read in italian
Rome (NEV CS/04), 17thFebruary 2021 – A new “frontier” for the migrant and refugee programme of the Federation of Protestant Churches in Italy: Bosnia. Two MH team members, Claudia Vitali and Niccolò Parigini, arrived in the last few hours in Bihac, where they will work together over the next three months with IPSIA-ACLI thanks to an agreement between the Protestant churches and the organization which has operated along the Western Balkan route since 2015.
The FCEI mission, realised thanks to support from the Otto per Mille tax allocation of the Union of Methodist and Waldensian Churches, will see the establishment of new heated multipurpose tent hall which will functionas a social space. Communal kitchens will also be installed to enable migrants to prepare meals for themselves. It is also envisaged that the Bihač Red Cross will provide support, in particular, in relation to managing stock rooms and the distribution of goods and food.
“Our decision to commit ourselves, additionally, to a part of the Balkan Route to EU countries,” declares Paolo Naso, coordinator of Mediterranean Hope, refugee and migrantprogramme of the Federation of ProtestantChurches in Italy (FCEI) –has been prompted by a humanitarian crisis which is evident to everyone but which has met with indifference from the European institutions, which do not seem to appreciate quite how desperate conditions are for hundreds of people – amongst which many women and children – who are literally trapped in a country which does not welcome the mand in which they do not intend to stay. We are going to Bosnia in order to make practical contribution to the excellent work which IPSIA-ACLI has been carrying out for years together with the local Red Cross. But linked to this commitment is a specific political request for the newly-installed Italian administration and for European institutions: the dramatic situtaion of refugees Bosniar equires that an emergency humanitarian corridor be opened which guarantees protection and safety for the most vulnerable at the very least. Our five years of experience of managing humanitarian corridors demonstrates that an alternative to death journeys acrossse as and mountains exists. Therefore, with this new undertaking in Bosnia we are hoping to see how the worthy experience of humanitarian corridors from Lebanon might be applied for other refugees along other borders.”.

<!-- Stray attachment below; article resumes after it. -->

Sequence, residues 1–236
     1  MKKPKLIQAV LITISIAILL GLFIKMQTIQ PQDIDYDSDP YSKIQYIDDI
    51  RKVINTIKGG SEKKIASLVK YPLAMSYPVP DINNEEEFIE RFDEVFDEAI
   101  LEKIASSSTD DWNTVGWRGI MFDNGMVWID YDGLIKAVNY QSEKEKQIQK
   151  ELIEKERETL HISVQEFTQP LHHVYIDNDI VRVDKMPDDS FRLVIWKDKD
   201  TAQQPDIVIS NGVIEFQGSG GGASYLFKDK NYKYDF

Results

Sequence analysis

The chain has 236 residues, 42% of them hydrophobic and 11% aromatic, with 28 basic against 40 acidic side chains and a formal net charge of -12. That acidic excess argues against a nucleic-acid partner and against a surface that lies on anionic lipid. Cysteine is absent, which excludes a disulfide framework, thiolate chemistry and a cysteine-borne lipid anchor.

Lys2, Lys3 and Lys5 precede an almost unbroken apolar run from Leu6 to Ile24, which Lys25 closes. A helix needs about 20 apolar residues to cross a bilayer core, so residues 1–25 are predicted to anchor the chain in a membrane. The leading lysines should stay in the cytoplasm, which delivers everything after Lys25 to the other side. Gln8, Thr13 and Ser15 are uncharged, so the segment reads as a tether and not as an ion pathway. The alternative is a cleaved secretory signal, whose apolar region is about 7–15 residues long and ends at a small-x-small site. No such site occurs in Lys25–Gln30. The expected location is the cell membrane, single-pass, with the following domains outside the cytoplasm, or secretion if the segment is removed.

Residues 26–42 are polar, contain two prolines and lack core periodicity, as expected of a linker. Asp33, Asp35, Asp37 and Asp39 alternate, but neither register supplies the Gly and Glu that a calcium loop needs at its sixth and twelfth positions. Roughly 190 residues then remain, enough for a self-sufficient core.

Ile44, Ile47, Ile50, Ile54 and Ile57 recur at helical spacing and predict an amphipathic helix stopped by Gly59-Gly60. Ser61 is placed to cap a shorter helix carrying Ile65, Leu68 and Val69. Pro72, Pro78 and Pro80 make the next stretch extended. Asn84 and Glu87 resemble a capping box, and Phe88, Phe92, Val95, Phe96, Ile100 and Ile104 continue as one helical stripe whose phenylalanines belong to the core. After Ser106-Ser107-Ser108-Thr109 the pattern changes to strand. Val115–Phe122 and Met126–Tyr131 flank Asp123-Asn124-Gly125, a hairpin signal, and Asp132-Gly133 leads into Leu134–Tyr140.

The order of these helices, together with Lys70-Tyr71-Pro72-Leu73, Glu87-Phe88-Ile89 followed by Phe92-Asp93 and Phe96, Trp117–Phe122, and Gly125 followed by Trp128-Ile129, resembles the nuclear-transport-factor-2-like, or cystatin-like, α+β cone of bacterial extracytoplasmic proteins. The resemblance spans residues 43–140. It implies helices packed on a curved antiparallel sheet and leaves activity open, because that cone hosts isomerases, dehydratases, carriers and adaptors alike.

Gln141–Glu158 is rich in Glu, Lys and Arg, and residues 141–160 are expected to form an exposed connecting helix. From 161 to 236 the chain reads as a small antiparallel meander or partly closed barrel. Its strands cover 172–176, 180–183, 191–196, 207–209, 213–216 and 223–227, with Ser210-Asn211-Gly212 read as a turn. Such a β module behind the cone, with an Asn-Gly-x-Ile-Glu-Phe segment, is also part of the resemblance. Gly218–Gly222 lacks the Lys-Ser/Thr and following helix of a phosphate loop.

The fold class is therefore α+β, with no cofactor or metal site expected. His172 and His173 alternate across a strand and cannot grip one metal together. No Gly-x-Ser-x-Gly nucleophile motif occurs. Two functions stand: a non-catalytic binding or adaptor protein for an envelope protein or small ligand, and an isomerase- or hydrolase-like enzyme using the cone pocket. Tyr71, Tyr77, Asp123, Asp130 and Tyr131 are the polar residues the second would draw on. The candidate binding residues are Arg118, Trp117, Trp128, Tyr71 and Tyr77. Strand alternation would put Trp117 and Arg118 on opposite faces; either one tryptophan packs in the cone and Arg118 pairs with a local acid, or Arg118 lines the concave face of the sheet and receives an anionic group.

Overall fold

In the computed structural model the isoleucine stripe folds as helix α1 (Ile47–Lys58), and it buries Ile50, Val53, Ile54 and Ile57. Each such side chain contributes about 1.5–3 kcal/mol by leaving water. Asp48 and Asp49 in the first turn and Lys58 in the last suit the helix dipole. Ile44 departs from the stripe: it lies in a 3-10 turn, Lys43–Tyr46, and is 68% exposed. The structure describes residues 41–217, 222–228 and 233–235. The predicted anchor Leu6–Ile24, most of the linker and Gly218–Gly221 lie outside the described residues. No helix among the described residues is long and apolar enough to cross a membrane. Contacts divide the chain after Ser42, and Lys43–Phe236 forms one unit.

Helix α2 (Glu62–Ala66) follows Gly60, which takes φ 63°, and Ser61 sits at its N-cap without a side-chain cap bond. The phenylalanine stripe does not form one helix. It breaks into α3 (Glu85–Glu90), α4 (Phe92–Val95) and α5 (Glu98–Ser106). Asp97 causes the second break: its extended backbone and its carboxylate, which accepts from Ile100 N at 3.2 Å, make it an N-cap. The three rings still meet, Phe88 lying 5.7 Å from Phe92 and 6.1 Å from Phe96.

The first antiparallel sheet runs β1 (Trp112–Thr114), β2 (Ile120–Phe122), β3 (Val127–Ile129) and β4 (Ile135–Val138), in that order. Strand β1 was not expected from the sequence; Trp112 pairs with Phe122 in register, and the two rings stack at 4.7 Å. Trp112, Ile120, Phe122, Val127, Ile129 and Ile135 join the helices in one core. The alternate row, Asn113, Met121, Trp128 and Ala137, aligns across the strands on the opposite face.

“IPSIA is honored to have this collaboration with FCEI” –affrims Mauro Montalbetti, president of IPSIA-ACLI – “which will operate within the ambit of work we have been pursuing since the beginning of the Balkan migration crisis, when, in 2015, following the escalation of the conflict in Syriya, Kurdistan and Afghanistan, hundreds of thousands of people from these countries began to flood in, coming up to the Balkan peninsula from Greece in order to reach other Central European countries. After the closure of the European borders in March 2016, thousands of people found themselves stuck in Greece and Serbia and, successively, in Bosnia Herzegovina, where their presence in formal and informal camps is particularly concentrated in the north of the country, on the border with Croatia, where an estimated3500 people are present. In close cooperation with the local Red Cross, we have activated emergency programmes targeting these people, families in transit or stopping, for whom we are trying to provide some refreshment and a place for self-respect, social relations and humanity. Thanks to this project, ww shall be able to implement something which goes beyond first reception and help. Given the pandemic which is underway, this project providing equipment and resources as an expression of international solidarity, should not be taken lightly. But this is our duty and we shall continue to do it”.
For further information on the IPSIA-ACLI project: https://sostieni.ipsia-acli.it/crowd/balkan-route/